Every year, scientists at the Sea Watch Foundation lead a campaign to get members of the general public contributing to science to protect whales, dolphins and porpoises and they’re calling on you to get involved with the National Whale and Dolphin Watch between 27th July and 4th August 2019!
For over forty years, Sea Watch Foundation scientists as well as volunteer observers all around the coast of the British Isles from Shetland to the Isles of Scilly have been reporting sightings of whales, dolphins and porpoises (cetaceans) to inform Sea Watch’s huge database of records. The scheme is one of the oldest and longest running citizen science projects in the world. Anyone can take part in this flagship summer event, the ‘National Whale and Dolphin Watch’ , now in its 18th year.
“It’s all about reporting your whale, dolphin and porpoise sightings as well as getting out there to look for them” says Dr Chiara Giulia Bertulli, Sightings Officer and lead organizer of this year’s NWDW event.
“Without reports from the public on these magnificent animals we cannot compile data which is used for their protection” continues Chiara.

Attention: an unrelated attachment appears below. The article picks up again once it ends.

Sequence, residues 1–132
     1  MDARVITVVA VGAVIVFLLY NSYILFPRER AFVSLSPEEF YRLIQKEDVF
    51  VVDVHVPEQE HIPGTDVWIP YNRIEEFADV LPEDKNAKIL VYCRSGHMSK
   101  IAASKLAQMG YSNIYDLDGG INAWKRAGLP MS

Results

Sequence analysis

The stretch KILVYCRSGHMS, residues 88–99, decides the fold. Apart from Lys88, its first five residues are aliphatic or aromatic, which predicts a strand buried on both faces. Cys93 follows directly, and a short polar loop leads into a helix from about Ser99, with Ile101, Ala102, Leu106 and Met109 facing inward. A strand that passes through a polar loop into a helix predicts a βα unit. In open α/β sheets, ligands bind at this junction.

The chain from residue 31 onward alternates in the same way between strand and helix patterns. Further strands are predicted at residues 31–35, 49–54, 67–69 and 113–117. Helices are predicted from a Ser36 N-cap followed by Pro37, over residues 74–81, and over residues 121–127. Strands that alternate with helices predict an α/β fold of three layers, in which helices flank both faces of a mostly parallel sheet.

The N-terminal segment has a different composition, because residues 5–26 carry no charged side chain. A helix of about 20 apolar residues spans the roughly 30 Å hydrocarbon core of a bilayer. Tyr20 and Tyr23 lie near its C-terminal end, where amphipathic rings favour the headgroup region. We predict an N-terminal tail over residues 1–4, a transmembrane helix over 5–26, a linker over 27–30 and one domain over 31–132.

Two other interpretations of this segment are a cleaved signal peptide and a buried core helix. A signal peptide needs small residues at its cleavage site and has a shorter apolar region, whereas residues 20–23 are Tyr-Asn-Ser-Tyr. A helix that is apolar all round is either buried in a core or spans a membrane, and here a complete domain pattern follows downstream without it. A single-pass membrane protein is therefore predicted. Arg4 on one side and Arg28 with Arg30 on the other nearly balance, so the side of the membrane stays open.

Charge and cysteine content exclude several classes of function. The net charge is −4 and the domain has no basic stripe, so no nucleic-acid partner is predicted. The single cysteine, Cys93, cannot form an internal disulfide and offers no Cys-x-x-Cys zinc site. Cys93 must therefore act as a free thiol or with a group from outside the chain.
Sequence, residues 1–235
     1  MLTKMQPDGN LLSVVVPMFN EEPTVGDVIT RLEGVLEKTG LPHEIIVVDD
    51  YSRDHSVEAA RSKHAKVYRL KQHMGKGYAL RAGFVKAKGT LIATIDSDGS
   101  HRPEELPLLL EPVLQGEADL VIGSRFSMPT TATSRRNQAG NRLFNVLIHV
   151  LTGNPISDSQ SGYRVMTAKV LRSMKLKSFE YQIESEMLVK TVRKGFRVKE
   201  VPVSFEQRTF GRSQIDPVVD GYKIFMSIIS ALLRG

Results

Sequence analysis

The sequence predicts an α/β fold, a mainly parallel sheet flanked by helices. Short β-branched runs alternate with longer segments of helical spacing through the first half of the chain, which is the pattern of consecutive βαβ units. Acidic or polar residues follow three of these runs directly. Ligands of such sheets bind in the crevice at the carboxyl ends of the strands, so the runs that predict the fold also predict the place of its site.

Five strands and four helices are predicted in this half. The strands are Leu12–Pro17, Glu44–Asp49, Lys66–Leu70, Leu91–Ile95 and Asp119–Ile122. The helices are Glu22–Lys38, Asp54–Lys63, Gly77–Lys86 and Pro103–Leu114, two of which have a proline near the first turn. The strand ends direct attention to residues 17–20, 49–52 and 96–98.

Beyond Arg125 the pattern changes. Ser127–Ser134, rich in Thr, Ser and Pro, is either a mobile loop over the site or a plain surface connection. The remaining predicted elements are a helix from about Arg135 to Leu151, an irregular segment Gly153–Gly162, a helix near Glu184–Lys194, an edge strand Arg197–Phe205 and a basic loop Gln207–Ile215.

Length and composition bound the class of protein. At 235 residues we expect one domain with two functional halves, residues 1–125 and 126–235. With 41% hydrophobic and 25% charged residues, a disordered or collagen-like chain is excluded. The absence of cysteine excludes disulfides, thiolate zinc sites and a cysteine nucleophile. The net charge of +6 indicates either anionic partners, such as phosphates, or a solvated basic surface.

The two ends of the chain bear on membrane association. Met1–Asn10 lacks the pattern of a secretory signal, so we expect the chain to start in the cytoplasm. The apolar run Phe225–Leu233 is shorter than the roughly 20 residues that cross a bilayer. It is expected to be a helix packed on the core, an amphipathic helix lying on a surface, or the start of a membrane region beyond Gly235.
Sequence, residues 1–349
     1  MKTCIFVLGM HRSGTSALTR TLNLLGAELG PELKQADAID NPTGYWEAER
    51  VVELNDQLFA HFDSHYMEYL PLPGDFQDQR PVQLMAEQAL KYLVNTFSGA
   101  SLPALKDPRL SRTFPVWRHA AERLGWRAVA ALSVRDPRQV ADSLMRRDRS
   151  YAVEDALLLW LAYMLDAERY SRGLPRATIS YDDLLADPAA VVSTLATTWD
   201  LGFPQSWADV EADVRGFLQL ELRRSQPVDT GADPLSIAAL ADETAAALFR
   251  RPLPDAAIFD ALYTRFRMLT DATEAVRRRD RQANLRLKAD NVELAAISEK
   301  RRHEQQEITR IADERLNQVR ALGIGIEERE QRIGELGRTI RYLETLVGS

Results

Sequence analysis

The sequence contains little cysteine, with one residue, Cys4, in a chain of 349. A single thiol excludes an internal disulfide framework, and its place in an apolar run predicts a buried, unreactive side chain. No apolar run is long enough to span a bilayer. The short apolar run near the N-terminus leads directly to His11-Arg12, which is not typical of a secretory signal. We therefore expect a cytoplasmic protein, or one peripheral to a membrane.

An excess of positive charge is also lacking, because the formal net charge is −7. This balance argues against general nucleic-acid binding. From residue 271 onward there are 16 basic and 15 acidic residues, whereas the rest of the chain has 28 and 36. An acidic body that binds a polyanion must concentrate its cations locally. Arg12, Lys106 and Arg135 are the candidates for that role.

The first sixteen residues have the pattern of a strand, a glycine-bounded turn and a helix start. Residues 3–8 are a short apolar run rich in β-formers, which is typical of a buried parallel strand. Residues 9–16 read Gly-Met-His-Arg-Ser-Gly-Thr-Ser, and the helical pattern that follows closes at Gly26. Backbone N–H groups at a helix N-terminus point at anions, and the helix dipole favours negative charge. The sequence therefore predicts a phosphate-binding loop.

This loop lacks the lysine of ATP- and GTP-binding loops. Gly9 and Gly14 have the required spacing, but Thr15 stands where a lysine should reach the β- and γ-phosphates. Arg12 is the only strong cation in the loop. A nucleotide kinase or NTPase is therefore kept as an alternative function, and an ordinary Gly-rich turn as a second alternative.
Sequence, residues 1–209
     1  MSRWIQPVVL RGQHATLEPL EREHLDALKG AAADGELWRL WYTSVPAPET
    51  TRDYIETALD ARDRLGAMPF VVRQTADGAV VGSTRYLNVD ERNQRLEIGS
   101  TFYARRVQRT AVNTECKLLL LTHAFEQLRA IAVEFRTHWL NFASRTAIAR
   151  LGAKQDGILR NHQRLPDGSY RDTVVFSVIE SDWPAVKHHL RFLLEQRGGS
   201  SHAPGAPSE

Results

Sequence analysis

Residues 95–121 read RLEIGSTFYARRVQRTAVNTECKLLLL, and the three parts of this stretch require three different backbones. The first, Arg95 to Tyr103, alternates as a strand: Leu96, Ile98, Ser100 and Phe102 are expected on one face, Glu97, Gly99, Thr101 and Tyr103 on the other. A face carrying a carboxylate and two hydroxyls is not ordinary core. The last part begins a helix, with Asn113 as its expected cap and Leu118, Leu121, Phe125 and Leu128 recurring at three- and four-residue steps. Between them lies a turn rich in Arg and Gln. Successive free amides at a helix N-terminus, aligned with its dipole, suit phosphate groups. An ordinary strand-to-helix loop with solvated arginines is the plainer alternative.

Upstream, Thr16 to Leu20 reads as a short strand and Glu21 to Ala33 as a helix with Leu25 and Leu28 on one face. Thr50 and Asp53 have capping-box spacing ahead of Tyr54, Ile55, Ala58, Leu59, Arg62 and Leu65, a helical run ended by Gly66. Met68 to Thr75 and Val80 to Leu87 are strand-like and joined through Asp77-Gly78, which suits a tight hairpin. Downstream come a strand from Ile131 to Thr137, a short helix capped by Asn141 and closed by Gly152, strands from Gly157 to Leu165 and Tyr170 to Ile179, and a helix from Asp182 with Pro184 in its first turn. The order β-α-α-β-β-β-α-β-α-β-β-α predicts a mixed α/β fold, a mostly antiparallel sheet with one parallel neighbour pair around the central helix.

Cetaceans can be found all around the coast of the UK and recently around the Welsh coast bottlenose dolphins have been sighted feeding in association with flocks of seagulls close to the pier in Llandudno, North Wales; a pod of 42 was sighted swimming off The Range near South Stack. In Cardigan Bay, pods of bottlenose dolphins have been regularly sighted including several mother-calf pairs. Harbour porpoises are the second most common species of cetacean to encounter in the area, and from land people have sighted them easily and seen them leaping, feeding and occurring in mixed age classes this year. Short-beaked common dolphins have been sighted in Pembrokeshire to around Anglesey. Large groups Risso’s dolphins were spotted in mixed-age groups breaching and tail slapping off Morfa Nefyn in North Wales and off Cemaes Bay on Anglesey.
The charity encourages wildlife-lovers to head to the coast to collect watch data of their own or to join a wildlife tour and collect data at sea. No experience is necessary and the team at Sea Watch will be happy to set you off on the right foot.
“We need as many eyes on the sea as possible. That means we’re looking for people all around the Welsh coast to arrange a watch for themselves and for everybody to report the animals that they see” adds Chiara Giulia.
During the nine-day 2018 event, thirteen different whales and dolphins were recorded in UK waters, a number which was only been recorded once before. Some 242 sightings were logged around Wales. For more facts and figures from last years’ event, please see the 2018 National Whale and Dolphin Watch report.
Find out more about the event: http://www.seawatchfoundation.org.uk/nwdw/
Join a registered watch: https://www.seawatchfoundation.org.uk/nwdw-2019-watch-list/
(please note that new watches are being added all the time so keep looking!)
To view the 2018 National Whale & Dolphin Watch Report: